Located in north-central South Africa, Johannesburg is the country's largest and fastest-growing city, with sprawling suburbs fanning out from the central city to cover an area of 1,100 square kilometers (424.7 square miles). The nickname "eGoli" ("city of gold") evokes Johannesburg's origin as a mining town in the late nineteenth century. Today, it is still the capital of South African mining and commerce and home to the headquarters of the country's mining companies and major financial institutions, as well as headquarters to a variety of multinational corporations and transportation hub of southern Africa.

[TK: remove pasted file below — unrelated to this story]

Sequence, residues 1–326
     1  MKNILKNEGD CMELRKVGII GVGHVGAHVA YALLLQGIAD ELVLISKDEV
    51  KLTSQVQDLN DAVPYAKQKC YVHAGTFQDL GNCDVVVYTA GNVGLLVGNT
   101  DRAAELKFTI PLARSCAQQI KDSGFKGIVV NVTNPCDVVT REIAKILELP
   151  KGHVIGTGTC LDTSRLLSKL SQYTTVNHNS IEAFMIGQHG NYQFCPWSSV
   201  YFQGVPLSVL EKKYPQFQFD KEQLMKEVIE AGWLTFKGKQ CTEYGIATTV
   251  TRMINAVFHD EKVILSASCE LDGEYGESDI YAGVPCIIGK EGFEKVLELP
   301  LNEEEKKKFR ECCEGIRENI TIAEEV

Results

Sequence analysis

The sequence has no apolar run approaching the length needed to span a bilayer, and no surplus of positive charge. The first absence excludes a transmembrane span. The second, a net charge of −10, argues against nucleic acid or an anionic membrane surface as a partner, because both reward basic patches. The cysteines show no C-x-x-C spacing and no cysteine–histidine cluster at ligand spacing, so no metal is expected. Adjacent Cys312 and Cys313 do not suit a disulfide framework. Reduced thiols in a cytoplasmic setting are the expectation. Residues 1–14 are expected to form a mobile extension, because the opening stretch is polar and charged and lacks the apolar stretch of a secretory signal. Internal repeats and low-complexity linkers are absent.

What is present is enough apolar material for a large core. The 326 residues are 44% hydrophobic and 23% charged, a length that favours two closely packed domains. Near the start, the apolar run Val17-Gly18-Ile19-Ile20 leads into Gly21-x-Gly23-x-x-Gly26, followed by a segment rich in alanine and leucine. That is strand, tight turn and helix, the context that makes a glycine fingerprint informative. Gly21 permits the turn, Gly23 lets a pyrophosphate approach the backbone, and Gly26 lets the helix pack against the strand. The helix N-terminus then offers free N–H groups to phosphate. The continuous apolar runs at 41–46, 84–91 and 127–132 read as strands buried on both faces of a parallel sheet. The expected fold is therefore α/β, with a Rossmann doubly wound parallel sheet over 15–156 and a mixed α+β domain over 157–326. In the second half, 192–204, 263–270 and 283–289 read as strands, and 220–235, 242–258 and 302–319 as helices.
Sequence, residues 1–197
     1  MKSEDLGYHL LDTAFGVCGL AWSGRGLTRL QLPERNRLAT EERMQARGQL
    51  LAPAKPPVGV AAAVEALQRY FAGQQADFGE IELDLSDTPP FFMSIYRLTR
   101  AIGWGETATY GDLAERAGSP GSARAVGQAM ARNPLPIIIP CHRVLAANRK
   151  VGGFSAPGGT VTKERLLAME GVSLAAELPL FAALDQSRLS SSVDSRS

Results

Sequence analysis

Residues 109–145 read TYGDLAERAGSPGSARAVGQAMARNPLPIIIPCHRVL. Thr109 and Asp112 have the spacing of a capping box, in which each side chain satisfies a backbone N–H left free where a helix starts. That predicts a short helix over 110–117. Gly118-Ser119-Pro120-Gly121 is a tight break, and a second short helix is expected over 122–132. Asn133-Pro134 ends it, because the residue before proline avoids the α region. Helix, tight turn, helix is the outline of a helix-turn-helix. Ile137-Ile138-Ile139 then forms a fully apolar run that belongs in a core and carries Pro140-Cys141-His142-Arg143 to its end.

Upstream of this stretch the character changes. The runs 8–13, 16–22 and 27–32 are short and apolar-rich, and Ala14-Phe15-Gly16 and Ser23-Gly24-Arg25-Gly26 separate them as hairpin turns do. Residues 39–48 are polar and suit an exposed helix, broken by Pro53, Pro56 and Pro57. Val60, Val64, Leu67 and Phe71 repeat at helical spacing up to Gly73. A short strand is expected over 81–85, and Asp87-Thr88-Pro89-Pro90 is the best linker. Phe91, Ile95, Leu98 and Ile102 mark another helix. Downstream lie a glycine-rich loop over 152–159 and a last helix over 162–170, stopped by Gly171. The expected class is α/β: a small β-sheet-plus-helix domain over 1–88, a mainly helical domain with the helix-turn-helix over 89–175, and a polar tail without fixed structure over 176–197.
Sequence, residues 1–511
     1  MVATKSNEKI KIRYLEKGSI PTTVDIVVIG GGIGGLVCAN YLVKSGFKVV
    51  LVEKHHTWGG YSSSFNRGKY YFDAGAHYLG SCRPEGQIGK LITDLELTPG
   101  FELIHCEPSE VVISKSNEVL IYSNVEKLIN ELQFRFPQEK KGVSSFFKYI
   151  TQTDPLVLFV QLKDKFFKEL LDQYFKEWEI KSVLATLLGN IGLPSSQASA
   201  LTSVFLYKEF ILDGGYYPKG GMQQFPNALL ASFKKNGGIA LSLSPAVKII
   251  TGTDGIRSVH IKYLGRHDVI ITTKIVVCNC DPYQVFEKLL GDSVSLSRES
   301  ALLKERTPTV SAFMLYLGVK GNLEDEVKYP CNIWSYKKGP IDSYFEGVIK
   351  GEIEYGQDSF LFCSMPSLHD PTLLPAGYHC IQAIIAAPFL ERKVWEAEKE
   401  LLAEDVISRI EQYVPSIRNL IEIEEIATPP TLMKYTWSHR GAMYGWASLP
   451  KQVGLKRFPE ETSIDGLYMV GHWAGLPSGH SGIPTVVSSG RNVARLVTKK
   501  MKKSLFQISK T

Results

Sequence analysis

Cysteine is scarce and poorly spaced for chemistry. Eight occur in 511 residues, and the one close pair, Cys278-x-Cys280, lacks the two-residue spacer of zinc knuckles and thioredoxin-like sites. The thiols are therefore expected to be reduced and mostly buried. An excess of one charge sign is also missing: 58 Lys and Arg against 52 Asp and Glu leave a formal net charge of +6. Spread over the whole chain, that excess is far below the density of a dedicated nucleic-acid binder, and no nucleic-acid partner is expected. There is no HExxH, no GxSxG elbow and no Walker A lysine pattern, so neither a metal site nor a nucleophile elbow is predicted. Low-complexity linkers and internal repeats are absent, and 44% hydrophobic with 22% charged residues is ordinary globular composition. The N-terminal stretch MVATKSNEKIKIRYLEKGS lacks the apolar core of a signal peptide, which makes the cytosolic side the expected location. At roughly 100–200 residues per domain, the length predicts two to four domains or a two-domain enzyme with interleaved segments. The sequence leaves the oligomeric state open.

Johannesburg is also a city built on a history of racial division that achieved its most dramatic form in the twentieth century policy of strict separation known as apartheid. This legacy is apparent in the racial divide between its various districts and suburbs, ranging from the teeming streets of Soweto to the posh mansions of the northern suburbs. The political changes of the 1990s can be seen most readily in the central city, which has become a bustling multicultural area where thousands of street traders earn their living in the shadow of the city's giant skyscrapers, and a blend of African and European languages evokes the city's unique cultural and social history.